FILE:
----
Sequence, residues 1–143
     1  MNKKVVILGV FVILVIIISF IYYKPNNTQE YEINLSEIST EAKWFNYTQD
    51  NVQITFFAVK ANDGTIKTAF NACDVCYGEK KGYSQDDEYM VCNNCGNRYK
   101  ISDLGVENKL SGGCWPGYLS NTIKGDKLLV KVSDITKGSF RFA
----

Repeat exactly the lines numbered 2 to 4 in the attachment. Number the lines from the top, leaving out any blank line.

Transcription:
     1  MNKKVVILGV FVILVIIISF IYYKPNNTQE YEINLSEIST EAKWFNYTQD
    51  NVQITFFAVK ANDGTIKTAF NACDVCYGEK KGYSQDDEYM VCNNCGNRYK
   101  ISDLGVENKL SGGCWPGYLS NTIKGDKLLV KVSDITKGSF RFA